Being in spiritual leadership is such an easy gig. It’s the little things; like how everyone respects your advice, and nobody causes problems. Nobody questions your motives or takes issue with your decisions; nor do people compare you with other preachers. Criticisms are few, always presented in love and gentleness, and never behind your back. Just ask Moses… or the
After reviewing the themes of 1 Samuel and 1 Samuel 16, Rabbi Glenn then covered all of 1 Samuel 17.
Rabbi Glenn continued the study this week with 1 Samuel 16.
The final weekly parasha is entitled V’zot HaB’racha, meaning,“and this is the blessing” and completes the annual cycle of Torah readings. Shortly before his death, Moses pronounces a blessing over the 12 tribes – a reiteration of what Jacob prophesied over his 12 sons five centuries earlier. The two blessings contain differences, and some of them are worth noting. The
This week Rabbi Glenn covered 1 Samuel 15, specifically Saul's abject failure in dealing with the Amalekites.
Here we are, in the midst of Sukkot, the most joyous of all Jewish festivals. This holiday is also known as Zeman Simchateinu – ‘The Season of Our Rejoicing’. In fact, so significant is this seventh of the seven God-ordained holidays, occurring in the seventh month, lasting seven days, and featuring the sacrifice of seventy bulls, that it came to
How many of you used to watch the game show Family Feud? Maybe some of you still do. Steve Harvey has hosted it since 2010, but there have been six different hosts in the show’s history. Did you know it’s been on the air for 46 years? I remember when it first came on, and Richard Dawson (one of the
For Rosh Hashanah, Rabbi Glenn took the Bible study through the Akedah, the binding of Issac and had a short Q & A.
A Rosh HaShanah Meditation on Matthew 25:1-13. Introduction: Did you know there’s a Jewish wedding feast to take place in Heaven? It’s true! In fact, the Scriptures are filled with examples of God portrayed as a Husband, and Israel His bride. The prophet Isaiah wrote, “For your Husband is your Maker, whose name is the Lord of hosts… (Isa. 54:5).
We have a double-parasha this morning: Nitzavim and Vayelech. Nitzavim means ‘Those taking a stand’ and Vayyelech means ‘And he went’. These two parashas span Deuteronomy 29:9 (29:10 in our English Bibles) through 31:30. The parasha opens with all Israel assembled to stand before Adonai. In fact, the usual verb for ‘stand’ (omayd) isn’t the word used here. The verb
This week Rabbi Glenn's study of The Life Of David continued with 1 Samuel 13-14.2
This week Rabbi Glenn continued the study through the life of David by covering 1 Samuel 8-10.
Introduction: This morning we are continuing in our study of Rabbi Paul’s first letter to the believers in Corinth. The Corinthian church was in all kinds of disarray, and reading through the letter sometimes feels like having to have a tooth extracted. It seems long and drawn out, and painful. But these things were written as much for our benefit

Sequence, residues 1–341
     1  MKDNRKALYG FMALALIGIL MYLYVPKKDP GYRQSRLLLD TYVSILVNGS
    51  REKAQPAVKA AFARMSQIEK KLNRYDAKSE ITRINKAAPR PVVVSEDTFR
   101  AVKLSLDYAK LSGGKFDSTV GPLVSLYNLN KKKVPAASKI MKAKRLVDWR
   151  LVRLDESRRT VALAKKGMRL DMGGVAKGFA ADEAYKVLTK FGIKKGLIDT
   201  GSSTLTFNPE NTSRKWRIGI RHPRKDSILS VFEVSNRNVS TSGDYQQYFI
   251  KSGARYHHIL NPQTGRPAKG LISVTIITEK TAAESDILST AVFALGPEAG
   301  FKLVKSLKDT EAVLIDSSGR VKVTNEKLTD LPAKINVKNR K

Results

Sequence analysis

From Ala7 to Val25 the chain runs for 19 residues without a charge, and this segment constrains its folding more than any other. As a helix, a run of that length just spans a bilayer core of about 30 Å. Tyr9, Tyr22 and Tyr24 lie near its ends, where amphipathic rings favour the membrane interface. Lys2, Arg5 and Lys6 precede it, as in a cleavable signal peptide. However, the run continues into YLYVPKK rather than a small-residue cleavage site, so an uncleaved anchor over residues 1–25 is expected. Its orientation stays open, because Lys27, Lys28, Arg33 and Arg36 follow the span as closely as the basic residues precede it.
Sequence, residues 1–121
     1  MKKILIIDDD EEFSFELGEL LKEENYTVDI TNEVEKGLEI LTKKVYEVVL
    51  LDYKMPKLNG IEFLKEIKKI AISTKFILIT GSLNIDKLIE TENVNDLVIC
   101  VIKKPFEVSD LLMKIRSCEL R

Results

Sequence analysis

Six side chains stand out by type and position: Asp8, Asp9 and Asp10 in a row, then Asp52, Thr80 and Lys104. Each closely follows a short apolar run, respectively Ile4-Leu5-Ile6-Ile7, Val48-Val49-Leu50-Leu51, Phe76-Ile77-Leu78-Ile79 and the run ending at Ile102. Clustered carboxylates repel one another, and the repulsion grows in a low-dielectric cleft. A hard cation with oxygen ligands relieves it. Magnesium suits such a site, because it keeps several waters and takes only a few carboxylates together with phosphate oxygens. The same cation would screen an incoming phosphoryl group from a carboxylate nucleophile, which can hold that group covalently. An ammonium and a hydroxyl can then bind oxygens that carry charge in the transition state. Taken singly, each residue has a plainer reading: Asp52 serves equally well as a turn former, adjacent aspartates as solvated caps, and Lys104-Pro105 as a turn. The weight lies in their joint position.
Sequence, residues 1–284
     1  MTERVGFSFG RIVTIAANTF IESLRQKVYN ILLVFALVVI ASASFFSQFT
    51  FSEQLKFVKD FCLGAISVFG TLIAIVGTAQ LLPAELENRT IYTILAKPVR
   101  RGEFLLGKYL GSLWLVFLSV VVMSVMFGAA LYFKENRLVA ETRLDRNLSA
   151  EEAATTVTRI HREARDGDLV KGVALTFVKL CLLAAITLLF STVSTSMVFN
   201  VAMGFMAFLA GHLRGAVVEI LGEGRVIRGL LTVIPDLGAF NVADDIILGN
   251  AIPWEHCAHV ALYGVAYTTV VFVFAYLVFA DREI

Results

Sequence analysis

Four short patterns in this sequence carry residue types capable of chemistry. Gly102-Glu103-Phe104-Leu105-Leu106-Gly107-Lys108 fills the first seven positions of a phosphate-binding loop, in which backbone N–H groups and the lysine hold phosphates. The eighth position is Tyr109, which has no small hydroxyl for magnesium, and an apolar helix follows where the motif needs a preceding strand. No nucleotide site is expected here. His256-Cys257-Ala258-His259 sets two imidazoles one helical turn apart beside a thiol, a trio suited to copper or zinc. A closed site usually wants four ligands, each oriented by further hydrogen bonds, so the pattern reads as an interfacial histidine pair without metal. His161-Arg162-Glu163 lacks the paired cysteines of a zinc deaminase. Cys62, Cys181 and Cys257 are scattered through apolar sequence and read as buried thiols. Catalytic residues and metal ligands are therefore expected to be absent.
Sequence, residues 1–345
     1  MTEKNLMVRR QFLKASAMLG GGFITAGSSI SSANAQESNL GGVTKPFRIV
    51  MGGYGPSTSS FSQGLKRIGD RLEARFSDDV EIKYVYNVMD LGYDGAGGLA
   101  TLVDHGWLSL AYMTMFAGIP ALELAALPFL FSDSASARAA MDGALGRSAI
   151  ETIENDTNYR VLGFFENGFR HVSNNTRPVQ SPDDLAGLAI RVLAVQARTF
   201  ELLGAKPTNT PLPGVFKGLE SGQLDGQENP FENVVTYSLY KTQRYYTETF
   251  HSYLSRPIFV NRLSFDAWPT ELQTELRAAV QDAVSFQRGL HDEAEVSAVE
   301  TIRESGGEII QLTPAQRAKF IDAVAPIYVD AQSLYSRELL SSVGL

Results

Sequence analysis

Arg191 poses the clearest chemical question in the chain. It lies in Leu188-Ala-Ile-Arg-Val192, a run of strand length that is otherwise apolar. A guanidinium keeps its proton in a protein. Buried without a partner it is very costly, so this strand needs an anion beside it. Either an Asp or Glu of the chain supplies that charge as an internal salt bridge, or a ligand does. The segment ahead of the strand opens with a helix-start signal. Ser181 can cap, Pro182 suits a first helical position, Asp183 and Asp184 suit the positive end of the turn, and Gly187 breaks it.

This week Rabbi Glenn did a brief review, and then covered all of 1 Samuel 7. He then previewed where the study will be going next week with chapter 8.
The Torah portion for this Shabbat is called Va’etchanan, meaning “and I pleaded”. It covers Deuteronomy 3:23 through chapter 7:11. As the parasha opens, Moses pleads with Adonai to reconsider allowing him to cross over into the Land of Promise. God’s answer was a firm “No” but He did allow Moses to ascend Mt. Pisgah and get a bird’s eye
This week Rabbi Glenn the events of 1 Samuel 4-5, and continued on to study all of chapter 6, through to 7:2.
Introduction If ever there was a chapter of the Bible that was frequently misunderstood, and that misunderstanding led to contention in Messiah’s Community, I’d say 1 Corinthians 12 is it. This chapter outlines the gifts of the Holy Spirit; misinterpreted and/or misapplied, it’s like theological nitroglycerine. Handle with care! Considering how much division there is about the gifts of the
This week Rabbi Glenn with some review and then studied 1 Samuel 4-5 in their entirety. There was also a few minutes for Q/A as well.
This week Rabbi Glenn briefly reviewed his approach to the study and the events of 1 Samuel 1:1 - 2:24, then went on to study the rest of chapter two and all of chapter 3. The focus was on the dramatically different trajectories of Eli and his sons as contrasted with that of Samuel. They were headed quickly downward morally and spiritually, whereas Samuel was
This week Rabbi Glenn reviewed 1 Samuel 1 briefly, then went on to study 1 Samuel 2:1-24.
This week Rabbi Glenn began the study of David starting with 1 Samuel and covered 1 Samuel 1, along with some foundational ideas forming the basis of our study of the life of David.
This week Rabbi Glenn launched the new study of King David by going through his introductory notes (see below). He then read and discussed Judges 19-21, in order to set the historical situation into which Samuel would emerge, and through him, Saul and David. There was also about 10-15 minutes of Q/A. Short of Perfection… but Sufficient An
This week Rabbi Glenn previewed the next study on the life of King David.
The parasha this Shabbat is called Sh’lach L’cha, meaning “send out for yourself” and spans Numbers: 13-15. God said to Moses, “Send out for yourself men so that they may spy out the land of Canaan, which I am giving to the sons of Israel.” Moses chose one leader from each of the tribes, and sent them on a fact-finding
This week Rabbi Glenn examined Scripture Twisting: 20 Ways the Cults Misread the Bible by James Sire and talked about common ways God's Word is twisted.